Our Darlings Rest Amongst the Flowers that Bloometh Over There

Mourning images from my collection.

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In this early 1/4th-plate daguerreotype, taken about 1845, a sad, proud widow peers at us through what seems to be a hole in time.
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The sitter wears a white widow’s cap, a hair mourning brooch, and jet bracelets. The back of the plate is inscribed with the numbers “48-36-42,” the meaning of which is unknown. This 1/6th-plate daguerreotype dates to circa 1855.
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This hand-tinted 1/9th-plate Ambrotype was created in about 1858. The beautiful woman so stunningly colored by the photographer is almost certainly not a widow like the two ladies above. Widows, even in deepest mourning, wore white crape caps, bonnet ruches, or other touches of white, to indicate their status.

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The Memory of Mourning

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An albumen cabinet card copy of an earlier mourning image. It bears the mark “Broadbent & Taylor, 914 Chestnut Street, Philadelphia. S. Broadbent, W. Curtis Taylor.” Ann Longmore-Etheridge Collection.

This is a copy of an earlier photo–certainly either an ambrotype or daguerreotype. Photographers Broadbent and Taylor, or whoever owed this image, drew strengthening lines around the woman’s shoulders and head, as well as around her eyes and possibly lips. On the actual cabinet card, these lines are not really noticeable, but when blown up, they become quite evident.

The sitter wears fashions that date the photograph to the 1850s. She wears a mourning brooch at her throat, its hair compartment and black enamel clearly visible. I have a similar brooch in my collection. The otherwise lovely piece below suffers from moisture damage. At some point in the past, water or humidity seeped into the brooch and now the hair is a shade of green, dyed by the metals that surround it. Ω

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Gold and black lacquer double mourning brooch inscribed “J & L Howlett,” circa 1855.

Apparitions of the Aperture

In the second half of the 19th Century, at the height of the Victorian Age, the union of photography and the supernatural spawned strange and enthralling results.

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Cased tintype spirit image by an unknown photographer, circa 1868. Jack and Beverly Wilgus Collection. (Unless otherwise noted, all images in this article are courtesy Jack and Beverly Wilgus.)

By Beverly Wilgus and Ann Longmore-Etheridge

Early in the practice of the photography, ghostlike images appeared on daguerreotypes, ambrotypes, and tintypes. The explanation for them was not supernatural: Because of the need for long exposures, in some cases of more than a minute, anything that moved whilst the camera lens was open went either unrecorded or appeared transparent in the final product. In 1856, Sir David Brewster (1781-1868), an important figure in photography’s evolution, described in his book The Stereoscope: Its History, Theory, and Construction the method by which amusing extras could be created in photographs. Brewster advised that sitters should be posed and after the majority of the plate exposure was finished, a new person should move into the scene and stay for the final seconds. This would result in a “spirit” presence.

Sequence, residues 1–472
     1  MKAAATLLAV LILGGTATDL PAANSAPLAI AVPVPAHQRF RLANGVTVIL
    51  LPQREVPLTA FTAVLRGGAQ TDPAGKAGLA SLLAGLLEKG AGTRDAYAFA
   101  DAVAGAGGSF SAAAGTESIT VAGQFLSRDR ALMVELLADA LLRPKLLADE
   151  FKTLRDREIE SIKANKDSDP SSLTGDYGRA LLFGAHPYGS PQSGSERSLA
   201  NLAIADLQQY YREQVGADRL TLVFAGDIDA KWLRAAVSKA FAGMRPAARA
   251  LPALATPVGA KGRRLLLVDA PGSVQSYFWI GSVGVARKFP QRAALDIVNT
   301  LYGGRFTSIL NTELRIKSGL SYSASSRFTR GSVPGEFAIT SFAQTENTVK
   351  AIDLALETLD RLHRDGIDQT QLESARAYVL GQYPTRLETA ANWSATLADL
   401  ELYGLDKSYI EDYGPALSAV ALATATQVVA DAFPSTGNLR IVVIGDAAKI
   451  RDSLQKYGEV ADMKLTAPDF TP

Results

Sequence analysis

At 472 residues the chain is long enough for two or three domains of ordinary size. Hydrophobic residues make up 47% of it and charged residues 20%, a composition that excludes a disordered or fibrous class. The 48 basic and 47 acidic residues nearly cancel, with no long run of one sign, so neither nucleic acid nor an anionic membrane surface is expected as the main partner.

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This English stereoview card from the early 1860s titled “The Ghost in the Stereoscope” noted that it was “kindly suggested by Sir David Brewster.”

Whilst Brewster clearly promoted this method for what it was—a trick—others with an interest in the expanding religion of Spiritualism saw ghost images as proof of life after death. It should be noted that the Victorians were not the only folk taken in by the callow exploitation of technology they did not fully understand.

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Those I Know Not

A selection of vintage images from my collection featuring sitters whose identities, sadly, are unknown.

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An English matriarch sits resplendent for this tinted 1/6th-plate daguerreotype, circa 1849. It is likely by Beard’s Photographic Institute, London and Liverpool, which was run by Richard Beard (22 December 1801–7 June 1885). Beard enthusiastically protected his business through photographic patents and helped establish professional photography in the United Kingdom. He opened his London and Liverpool studios in 1841. Clouds were frequently painted in as a backdrop by his studio staff.
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A woman wearing spring fashions uses a finger to mark her place in a book in this 1/6th-plate American daguerreotype, circa 1852. Perhaps she wanted to imply that she had been reading outdoors.
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I title this American, circa-1858, 1/6th-plate ambrotype “A Man, His Hair, and His Wife.” The husband has a feminine beauty, especially with the delicate tinting of his cheeks. His wife, brooding, intense, and potentially vengeful, may be wearing a large mourning brooch.
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This early English, 1/4th-plate ambrotype features a Victorian teen who could be a character in a Dickens’ novel. She points to an illustration in a book, but I cannot decipher the title or the meaning of her gesture. The image was taken in about 1852.
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As photography matured, it became possible to make copies of early, singular photographic images. In the 1890s, this cabinet card was created of a daguerreotype taken in about 1855.

Ω